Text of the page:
In providing the best care for patients, health care providers (HCPs) rely on clinical experience and judgment, published literature, and evidence-based clinical guidelines to direct decisions and serve as benchmarks for achieving optimal patient outcomes. Several published guidelines are available to support HCPs in caring for patients with type 2 diabetes. These include recommendations from the American Diabetes Association (ADA),1 the World Health Organization (WHO),2 the American Association of Clinical Endocrinologists (AACE),3 the Indian Health Service (IHS),4 and the Center for Medicaid and Medicare Services (CMS).5 These guidelines are kept current through periodic review of available literature and research to ensure that they are up to date and based on the latest available evidence.
Practicing clinicians and the various guideline development committees have diverse perspectives regarding how best to incorporate published research findings into clinical practice when managing patients with a disease as complex as type 2 diabetes. We conducted an evaluation to identify consistencies and discrepancies among the guidelines for nonpregnant adults with type 2 diabetes in the areas of screening, diagnosis, management, and prevention.
The ADA, WHO, and IHS guidelines recommend that adults be evaluated for type 2 diabetes if they are overweight (BMI ≥ 25 kg/m2) and have one or more of the following risk factors: first-degree relative with diabetes, women who delivered a baby weighing > 9 lb, diagnosis of hypertension > 140/90 mmHg, diagnosis of polycystic ovarian syndrome, history of gestational diabetes mellitus (GDM), or acanthosis nigricans (Table 1).1,2,4 However, several minor differences do exist among the guidelines. The ADA1 recommends that adults with prediabetes be screened annually and that adults who are ≥ 45 years of age without preexisting conditions be screened every 3 years. The WHO2 recommends that adults with a history of vascular disease be screened for diabetes every 3 years.
In comparison, the AACE guideline3 recommends that adults be assessed for diabetes if they have any of the following criteria: findings of impaired glucose tolerance (IGT) or impaired fasting glucose (IFG) from previous testing, a history of cardiovascular disease (CVD), high-risk ethnicity (non-white ancestry), physical inactivity, or are on antipsychotic therapy for schizophrenia or severe bipolar disease (Table 1). The main difference between the AACE guidelines and those of the other three organizations is that AACE does not include a BMI > 25 kg/m2 in adults as a risk factor indicating the need for diabetes screening. Only the AACE guideline recommends that adults who are taking antipsychotic medications be screened for diabetes.3
Compared to the other four sets of guidelines, CMS recommendations carry more restrictive criteria for recommending diabetes screening because this guideline targets reimbursement for the Medicaid and Medicare patient populations. Under the CMS guidelines, diabetes screening is a covered benefit for individuals who have been diagnosed with hypertension, hyperlipidemia, IGT, or IFG or who are obese (BMI ≥ 30 kg/m2).5 Screening is also a covered benefit for individuals with at least two of the following risk factors: age ≥ 65 years, overweight (BMI > 25 but < 30 kg/m2), family history of diabetes, history of GDM, or delivery of an infant weighing > 9 lb.5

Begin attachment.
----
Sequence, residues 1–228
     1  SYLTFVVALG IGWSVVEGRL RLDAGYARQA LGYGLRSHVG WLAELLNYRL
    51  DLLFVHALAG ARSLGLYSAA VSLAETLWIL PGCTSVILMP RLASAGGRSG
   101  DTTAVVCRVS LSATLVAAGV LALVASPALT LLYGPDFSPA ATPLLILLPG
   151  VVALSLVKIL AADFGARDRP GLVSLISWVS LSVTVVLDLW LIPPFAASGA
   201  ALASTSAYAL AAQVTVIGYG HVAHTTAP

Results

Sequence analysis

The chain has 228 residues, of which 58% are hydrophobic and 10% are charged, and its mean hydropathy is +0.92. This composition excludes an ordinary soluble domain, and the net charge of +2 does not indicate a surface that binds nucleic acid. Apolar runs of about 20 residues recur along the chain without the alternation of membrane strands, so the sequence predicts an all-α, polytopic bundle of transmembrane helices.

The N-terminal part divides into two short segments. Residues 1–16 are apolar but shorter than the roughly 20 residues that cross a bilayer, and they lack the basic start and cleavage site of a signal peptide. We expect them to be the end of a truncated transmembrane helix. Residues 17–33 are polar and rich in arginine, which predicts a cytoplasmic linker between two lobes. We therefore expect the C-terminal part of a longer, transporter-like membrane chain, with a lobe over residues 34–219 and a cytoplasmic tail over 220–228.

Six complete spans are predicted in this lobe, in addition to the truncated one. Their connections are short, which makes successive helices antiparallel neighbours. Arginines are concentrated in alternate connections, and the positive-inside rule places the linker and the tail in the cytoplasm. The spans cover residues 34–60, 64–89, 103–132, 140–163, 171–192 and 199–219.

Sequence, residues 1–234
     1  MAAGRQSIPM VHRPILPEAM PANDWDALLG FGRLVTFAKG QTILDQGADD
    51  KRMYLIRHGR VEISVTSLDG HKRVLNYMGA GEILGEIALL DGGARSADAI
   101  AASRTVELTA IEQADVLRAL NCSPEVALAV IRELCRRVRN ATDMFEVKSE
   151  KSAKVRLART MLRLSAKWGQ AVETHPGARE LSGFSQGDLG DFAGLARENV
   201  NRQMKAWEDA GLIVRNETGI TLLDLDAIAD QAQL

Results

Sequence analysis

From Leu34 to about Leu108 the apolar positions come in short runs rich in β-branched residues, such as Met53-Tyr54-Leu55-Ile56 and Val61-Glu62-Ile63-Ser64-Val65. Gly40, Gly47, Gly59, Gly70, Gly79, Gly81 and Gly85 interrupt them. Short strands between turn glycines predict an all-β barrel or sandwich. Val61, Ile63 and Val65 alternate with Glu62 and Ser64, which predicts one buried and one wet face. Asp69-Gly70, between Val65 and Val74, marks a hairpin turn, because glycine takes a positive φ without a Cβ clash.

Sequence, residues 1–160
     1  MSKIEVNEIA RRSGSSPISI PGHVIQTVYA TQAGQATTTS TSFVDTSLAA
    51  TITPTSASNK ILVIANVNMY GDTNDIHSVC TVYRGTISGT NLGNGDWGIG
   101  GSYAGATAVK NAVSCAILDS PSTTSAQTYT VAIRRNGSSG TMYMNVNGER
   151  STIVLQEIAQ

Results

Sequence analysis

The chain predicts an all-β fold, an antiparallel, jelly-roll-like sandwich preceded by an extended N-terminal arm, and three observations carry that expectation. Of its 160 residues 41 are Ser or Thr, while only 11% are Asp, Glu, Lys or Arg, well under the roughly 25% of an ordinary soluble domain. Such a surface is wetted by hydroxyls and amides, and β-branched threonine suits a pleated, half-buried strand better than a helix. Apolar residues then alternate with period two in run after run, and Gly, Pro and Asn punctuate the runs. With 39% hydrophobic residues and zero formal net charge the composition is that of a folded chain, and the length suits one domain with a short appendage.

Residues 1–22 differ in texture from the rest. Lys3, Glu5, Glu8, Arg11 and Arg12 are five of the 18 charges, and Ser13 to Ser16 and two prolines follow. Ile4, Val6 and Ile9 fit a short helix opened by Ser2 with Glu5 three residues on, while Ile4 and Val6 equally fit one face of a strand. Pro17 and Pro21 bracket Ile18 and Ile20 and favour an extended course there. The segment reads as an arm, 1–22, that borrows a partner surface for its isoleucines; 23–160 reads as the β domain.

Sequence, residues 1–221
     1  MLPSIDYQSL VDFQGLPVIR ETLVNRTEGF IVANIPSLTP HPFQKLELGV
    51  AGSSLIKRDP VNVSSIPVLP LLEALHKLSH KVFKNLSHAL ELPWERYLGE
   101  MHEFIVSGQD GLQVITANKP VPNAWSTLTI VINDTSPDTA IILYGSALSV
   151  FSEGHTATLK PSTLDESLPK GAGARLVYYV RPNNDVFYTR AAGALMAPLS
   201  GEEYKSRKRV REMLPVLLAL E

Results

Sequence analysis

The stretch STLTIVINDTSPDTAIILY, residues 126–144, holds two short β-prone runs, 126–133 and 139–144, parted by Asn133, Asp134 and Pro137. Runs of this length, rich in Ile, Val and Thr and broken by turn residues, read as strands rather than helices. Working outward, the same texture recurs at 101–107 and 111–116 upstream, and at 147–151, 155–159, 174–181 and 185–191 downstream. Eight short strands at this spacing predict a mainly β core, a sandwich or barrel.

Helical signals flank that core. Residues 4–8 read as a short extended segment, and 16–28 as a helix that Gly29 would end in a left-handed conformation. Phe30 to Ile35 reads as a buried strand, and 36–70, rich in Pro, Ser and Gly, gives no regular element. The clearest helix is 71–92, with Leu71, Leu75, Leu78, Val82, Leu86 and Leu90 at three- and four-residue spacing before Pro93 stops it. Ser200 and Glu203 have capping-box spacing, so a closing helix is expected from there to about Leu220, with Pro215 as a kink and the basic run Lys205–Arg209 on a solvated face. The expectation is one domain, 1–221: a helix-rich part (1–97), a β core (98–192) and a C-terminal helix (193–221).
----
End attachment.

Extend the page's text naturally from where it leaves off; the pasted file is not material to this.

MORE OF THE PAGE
The five sets of guidelines compared1–5 are largely in accord with each other in terms of diagnosis criteria for type 2 diabetes. For nonpregnant adults, diagnosis is based on either a fasting plasma glucose (FPG) level ≥ 126 mg/dl or a 2-hour plasma glucose level ≥ 200 mg/dl in an oral glucose tolerance test (OGTT) using a 75-g glucose load (Table 2). These tests should be repeated in the absence of unequivocal hyperglycemia.
One major difference among these guidelines is that ADA, AACE, and IHS guidelines include an A1C ≥ 6.5% as a diagnostic criterion for type 2 diabetes, whereas WHO and CMS guidelines do not.1–5 Also, only the WHO guidelines include patients with a random plasma glucose ≥ 200 mg/dl and classic symptoms of hyperglycemia or hyperglycemic crisis as a diagnostic criterion for type 2 diabetes.2
Patients with type 2 diabetes require long-term management plans. All five sets of guidelines are in agreement that patients can benefit from medical nutrition therapy and diabetes self-management education (Table 3).1–5 Type 2 diabetes is a lifelong disease requiring patients to have advanced management skills. Diabetes education has proven to be a beneficial tool to aid patients in achieving their management goals; it helps improve patients' knowledge, which in turn may help to improve glycemic control, long-term diabetes management, and weight management.6
For medical management, only the ADA guidelines specifically recommend initiating metformin therapy at the time of diagnosis for patients in whom it is not contraindicated.1 The AACE guidelines recommend several medications that can lower FPG and postprandial glucose, but it does not prioritize which medication should be initiated first at the time of diagnosis.3 Metformin often is the medication of choice for patients newly diagnosed with type 2 diabetes; it helps to decrease glucose production in the liver, increases the body's sensitivity to insulin, and does not cause weight gain.1 However, depending on patient-specific factors, starting on an oral agent from a different drug class, such as a sulfonylurea, may be appropriate for patients with elevated FPG.3